***Here is my friend, Nikki’s, letter to her daddy in Lebanon as told by the beautiful, Jodi Aman. I love both of you so much. Thank you for allowing me to be a small part of this platform for love, encouragement, transformation, unity, & support.***
I know you see how hard I’m struggling to support myself and my three children. I’m working full-time despite my crippling pain. I know you see I need help, but not the kind of help you suggest.
How could you tell me that it is your “wish” and your “dream” that I go back to my abuser? HOW? Why?
How could you belittle the hundreds of punches, kicks, pulled hair, back-hands, and being bashed over the head as “a mistake.” How could you assume two decades of daily physical, mental, and sexual violence is “not that bad?”
What about the, “You’re stupids,” “You’re fats,” “You’re so ugly, nobody else will ever love yous,” “You f-ed up, agains,” and the, “It’s all your faults,?” What about the, “the “dirty whores?”
Worse, how could you think it was simply “an error” that he made things up that I did wrong, and then, put me in the hospital after punishing me for them in front of my children. In FRONT of my Children.
Incomprehensible. Indescribable. Unacceptable.
How can you say that he “learned his lesson” when he has not stopped harassing me, you, my sisters, my friend’s, or my children for one day since I left him three years ago.
And when I was with him, how could you not come over and stop him? How could you have let me stay there so long in the first place? You saw the injuries. How could you have turned a blind eye to the “You are nothings,” “You are unlovables,” and “nobody cares?”
You are my daddy. You say you love me, and I believe you do. So, how can you ask me to go back?
You are scared for me to be alone. Your heart breaks to see me struggle. But I need you to be amazed by how good I am doing despite my challenges.
I need you to tell me that I am brave and strong. I need you to hold me and tell me that it will be OK, that you are here if I want to talk and let it all out.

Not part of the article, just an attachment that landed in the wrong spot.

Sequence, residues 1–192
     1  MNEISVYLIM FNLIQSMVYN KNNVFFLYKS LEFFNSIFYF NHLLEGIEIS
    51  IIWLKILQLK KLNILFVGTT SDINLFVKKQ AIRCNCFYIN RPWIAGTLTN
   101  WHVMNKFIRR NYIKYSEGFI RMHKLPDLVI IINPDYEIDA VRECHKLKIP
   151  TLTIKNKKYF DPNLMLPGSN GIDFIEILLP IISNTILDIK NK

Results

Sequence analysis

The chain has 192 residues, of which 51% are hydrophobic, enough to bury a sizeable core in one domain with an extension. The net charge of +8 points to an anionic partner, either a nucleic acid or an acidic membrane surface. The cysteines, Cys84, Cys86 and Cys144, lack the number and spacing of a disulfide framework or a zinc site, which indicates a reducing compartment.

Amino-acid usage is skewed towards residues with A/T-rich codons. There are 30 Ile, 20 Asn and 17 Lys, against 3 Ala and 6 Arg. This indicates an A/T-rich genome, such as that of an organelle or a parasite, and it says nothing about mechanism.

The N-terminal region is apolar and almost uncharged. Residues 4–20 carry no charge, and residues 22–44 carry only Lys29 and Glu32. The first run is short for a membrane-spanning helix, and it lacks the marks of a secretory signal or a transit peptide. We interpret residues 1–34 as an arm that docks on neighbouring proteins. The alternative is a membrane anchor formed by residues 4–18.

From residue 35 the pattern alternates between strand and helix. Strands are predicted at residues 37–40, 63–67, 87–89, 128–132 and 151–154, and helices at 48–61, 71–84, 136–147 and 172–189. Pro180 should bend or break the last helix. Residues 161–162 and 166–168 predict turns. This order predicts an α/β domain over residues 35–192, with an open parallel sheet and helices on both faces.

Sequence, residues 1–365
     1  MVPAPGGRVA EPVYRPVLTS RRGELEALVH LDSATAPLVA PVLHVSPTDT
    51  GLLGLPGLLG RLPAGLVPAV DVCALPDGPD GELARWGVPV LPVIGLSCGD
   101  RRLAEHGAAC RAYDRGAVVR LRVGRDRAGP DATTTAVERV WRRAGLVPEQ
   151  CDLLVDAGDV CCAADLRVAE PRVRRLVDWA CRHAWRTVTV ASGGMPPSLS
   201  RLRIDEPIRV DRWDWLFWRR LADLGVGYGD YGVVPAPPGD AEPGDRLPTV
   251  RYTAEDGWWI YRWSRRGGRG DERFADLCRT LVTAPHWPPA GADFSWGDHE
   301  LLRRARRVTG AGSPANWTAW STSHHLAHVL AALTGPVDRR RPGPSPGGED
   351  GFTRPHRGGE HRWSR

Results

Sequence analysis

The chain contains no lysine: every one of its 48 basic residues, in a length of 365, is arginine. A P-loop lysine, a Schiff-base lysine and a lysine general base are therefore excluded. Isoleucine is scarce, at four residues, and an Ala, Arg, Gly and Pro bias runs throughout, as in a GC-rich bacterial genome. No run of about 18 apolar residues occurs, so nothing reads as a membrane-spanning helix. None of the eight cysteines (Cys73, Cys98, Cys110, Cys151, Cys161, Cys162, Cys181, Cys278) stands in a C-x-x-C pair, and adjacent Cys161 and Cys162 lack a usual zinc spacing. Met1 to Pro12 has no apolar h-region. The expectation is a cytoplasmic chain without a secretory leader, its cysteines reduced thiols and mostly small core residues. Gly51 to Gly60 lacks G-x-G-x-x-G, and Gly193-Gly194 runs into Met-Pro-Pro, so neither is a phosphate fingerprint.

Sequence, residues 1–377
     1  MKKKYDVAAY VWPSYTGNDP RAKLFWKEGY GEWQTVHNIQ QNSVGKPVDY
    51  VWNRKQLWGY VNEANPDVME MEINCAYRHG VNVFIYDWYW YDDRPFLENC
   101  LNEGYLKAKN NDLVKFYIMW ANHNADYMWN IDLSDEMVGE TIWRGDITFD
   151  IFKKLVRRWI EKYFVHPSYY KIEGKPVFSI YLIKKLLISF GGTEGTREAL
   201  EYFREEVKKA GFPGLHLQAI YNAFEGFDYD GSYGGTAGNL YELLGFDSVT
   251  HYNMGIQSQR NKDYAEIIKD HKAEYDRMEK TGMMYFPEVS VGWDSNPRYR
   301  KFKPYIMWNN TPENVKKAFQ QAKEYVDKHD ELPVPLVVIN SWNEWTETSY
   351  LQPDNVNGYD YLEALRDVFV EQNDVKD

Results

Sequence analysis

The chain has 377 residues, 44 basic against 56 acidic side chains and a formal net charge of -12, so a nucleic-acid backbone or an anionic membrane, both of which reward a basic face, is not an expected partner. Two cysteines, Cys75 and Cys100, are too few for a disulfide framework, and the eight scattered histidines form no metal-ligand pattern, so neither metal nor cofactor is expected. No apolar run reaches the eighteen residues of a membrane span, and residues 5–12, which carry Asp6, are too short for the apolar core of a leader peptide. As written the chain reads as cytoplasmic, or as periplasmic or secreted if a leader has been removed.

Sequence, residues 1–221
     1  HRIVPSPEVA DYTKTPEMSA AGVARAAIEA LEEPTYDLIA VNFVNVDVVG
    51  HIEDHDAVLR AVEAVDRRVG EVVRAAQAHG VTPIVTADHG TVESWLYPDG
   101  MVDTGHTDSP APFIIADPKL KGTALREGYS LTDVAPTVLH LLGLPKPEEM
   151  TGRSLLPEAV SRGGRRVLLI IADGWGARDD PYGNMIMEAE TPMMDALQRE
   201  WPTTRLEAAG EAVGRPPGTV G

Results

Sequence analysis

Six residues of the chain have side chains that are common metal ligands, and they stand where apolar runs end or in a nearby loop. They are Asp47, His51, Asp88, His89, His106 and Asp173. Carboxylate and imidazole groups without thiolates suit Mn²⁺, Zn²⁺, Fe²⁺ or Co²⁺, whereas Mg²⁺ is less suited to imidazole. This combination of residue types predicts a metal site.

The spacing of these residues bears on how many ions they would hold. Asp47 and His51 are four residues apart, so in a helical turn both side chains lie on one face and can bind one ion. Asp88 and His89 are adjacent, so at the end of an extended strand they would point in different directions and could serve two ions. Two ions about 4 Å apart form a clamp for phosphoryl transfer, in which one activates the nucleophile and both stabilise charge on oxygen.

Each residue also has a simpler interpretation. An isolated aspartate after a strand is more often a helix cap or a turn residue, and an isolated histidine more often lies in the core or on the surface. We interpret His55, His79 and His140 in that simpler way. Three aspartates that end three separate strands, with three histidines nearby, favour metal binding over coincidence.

I need to let it all out. I Need To Let It All Out.
I need you to believe in me.
I want you to say how proud you are that I left him and that I must never go back to somebody who hurts me.
You may not even know this, but you are scared of him, too.
How can my own daddy want me to go get more abuse? Allow him to kill me? Because he would eventually. Yes, he would.
How can you continue to defend him and allow him to use you as one of his tools to get to me?
Daddy, you wanting me “to go back” makes me feel absolutely invisible. I wish I could fade away. I wish I could leave my own mind and the past.
I’m in so much pain, I can barely stand up. My cumulative abuse injuries have created pain I’d almost rather die than endure each day….
But, I go on.
For my kids. For you. For the future of what may be.
How could you act as if convincing me to go back would be your redemption? I want to please you. I want to say yes for you, but I really wish you could say NO for me. Scream for me. Love me. Believe in my power to move forward.
Daddy, I need you.
But HOW could you want me to go back to my abuser?
WATCH this Video of Nikki’s Story Created By Jodi Aman:
——-Please leave Nikki comments of love, support, prayers, encouragement, and hope in the comment section of this post. We Love You, Nikki!—–
***Nikki’s Story*** It took decades of dreaming and eight months of purposeful and brilliant planning (with the amazing help & support of Jodi Aman) to get Nikki and her children out of their native Lebanon to escape the emotional, physical and sexual abuse she endured by her husband.
Despite several trips to the hospital and loads of family, there was no help for Nikki in Lebanon since abuse by a man to a woman is completely legal.
Despite being disabled ( from her abuse ) Nikki commutes one and a half hours on public transportation to and from work as a underpaid secretary (though she has 2 Masters degrees and a genius intellect)
Even though she is thousands of miles away from her abuser, he still harasses and threatens her family, co-workers, and friends every single day.
***Jodi Aman’s Story***: From the garden she started when she was 8 years old to the baby ducks she found a home when she was 10, Jodi has always been passionate about nurturing life. With sharp empathy into the complexities of people’s pain–since she has recovered from her own family chaos and panic attacks–and a keen understanding of how and why people get stuck there, Jodi has decided to dedicate her life to helping people feel less lonely and afraid. Find meditations, retreats, and online recovery programs at http://jodiaman.com. Check out her videos at http://youtube,com/jodiaman. Get inspired on Twitter @JodiAman. Or feel loved on Facebook: http://facebook.com/jodiamanlove.